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Two Jewish American women, both members of the Reform movement, were stopped at the entrance to the Western Wall in Jerusalem on Wednesday morning, taken to a side room and asked to lift their shirts and skirts. The women were part of a delegation of students studying at Jerusalem’s Hebrew Union College, who had come to join the feminist prayer group Women of the Wall at its monthly service.
Earlier this year, following similar incidents, the Israeli Supreme Court appealed to Rabbi Shmuel Rabinowitz, the chief custodian of the Western Wall, to refrain from invasive body searches of women coming to worship at the Jewish holy site.
In response, Rabinowitz said that the body checks were conducted “in accordance with security needs, in coordination and at the direction of the Israeli police.” He noted that Women of the Wall supporters have been known to smuggle in Torah scrolls to the Western Wall, in defiance of regulations at the site.
The two women who were singled out for the search were part of a group of 15 students from North America and Australia, mostly women. They were accompanied by Tamar Havilio, head of cantorial studies at Hebrew Union College. “When I told the guards that it was illegal for them to conduct such body checks on women, they told me it was because of the security situation,” said Havilio. “But I did not see any men being pulled aside.”
The guards were about to summon a transgender member of the group for a similar body search when Havilio urged Rabbi Gilad Kariv, executive director of the Reform movement in Israel, to come intervene. After Kariv warned the guards that such action was illegal, the transgender student was allowed to pass through without a body check.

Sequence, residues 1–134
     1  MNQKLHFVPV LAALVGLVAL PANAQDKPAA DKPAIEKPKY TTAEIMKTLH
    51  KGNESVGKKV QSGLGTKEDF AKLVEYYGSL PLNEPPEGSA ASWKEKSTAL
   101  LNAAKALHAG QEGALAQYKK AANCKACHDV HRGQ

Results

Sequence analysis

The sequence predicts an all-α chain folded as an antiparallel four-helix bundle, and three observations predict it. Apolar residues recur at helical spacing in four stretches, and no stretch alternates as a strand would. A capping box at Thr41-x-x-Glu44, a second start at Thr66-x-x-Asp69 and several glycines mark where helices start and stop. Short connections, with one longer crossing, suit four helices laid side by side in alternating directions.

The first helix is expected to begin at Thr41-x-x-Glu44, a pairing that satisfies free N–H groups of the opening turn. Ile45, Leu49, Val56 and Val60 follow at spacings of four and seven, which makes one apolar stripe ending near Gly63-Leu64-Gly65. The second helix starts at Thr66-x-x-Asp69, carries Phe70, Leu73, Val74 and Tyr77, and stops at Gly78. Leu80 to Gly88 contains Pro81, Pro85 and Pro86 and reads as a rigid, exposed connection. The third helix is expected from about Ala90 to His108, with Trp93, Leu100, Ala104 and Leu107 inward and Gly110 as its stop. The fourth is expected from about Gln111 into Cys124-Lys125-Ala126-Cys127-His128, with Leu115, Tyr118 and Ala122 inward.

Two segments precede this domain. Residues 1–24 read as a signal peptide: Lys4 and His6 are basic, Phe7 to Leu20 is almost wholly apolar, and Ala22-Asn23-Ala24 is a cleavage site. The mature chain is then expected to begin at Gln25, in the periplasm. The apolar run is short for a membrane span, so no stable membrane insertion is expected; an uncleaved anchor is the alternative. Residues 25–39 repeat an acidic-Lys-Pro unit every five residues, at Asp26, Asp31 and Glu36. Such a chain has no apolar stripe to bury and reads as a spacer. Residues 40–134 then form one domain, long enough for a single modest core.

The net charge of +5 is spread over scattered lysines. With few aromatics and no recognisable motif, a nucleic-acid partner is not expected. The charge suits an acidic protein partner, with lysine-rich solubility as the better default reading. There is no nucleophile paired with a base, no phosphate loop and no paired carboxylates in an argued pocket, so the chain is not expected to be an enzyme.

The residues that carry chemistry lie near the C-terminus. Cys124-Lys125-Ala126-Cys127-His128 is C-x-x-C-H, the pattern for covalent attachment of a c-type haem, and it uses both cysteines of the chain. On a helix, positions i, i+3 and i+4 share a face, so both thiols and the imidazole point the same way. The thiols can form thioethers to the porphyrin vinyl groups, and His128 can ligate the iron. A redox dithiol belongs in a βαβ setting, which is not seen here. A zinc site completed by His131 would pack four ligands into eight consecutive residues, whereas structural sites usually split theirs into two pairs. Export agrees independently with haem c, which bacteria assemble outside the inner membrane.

The group comprised rabbinical, cantorial and Jewish education students, Havilio said.
Women of the Wall activists succeeded in smuggling in a Torah scroll to the Western Wall on Wednesday morning, as they have in recent months. The participants in the prayer service also held a shofar-blowing ceremony at its conclusion to mark the beginning of the Jewish month of Elul.
Responding to this morning’s events, Rabinowitz said: “The shofar-blowing by Women of the Wall was not a call for repentance and awakening but a call for war among the Jews.”
In January, responding to a petition submitted by the Center for Women’s Justice, the Supreme Court called on Rabinowitz to stop subjecting women to intense body searches at the Western Wall. The petition demanded that women be permitted to bring their own Torah scrolls to the holy site. “It is the responsibility of the rabbi in charge of the Kotel to prevent searches on the women who have petitioned and on others like them beyond the regular security checks conducted on all those who come to the Kotel,” the judges wrote.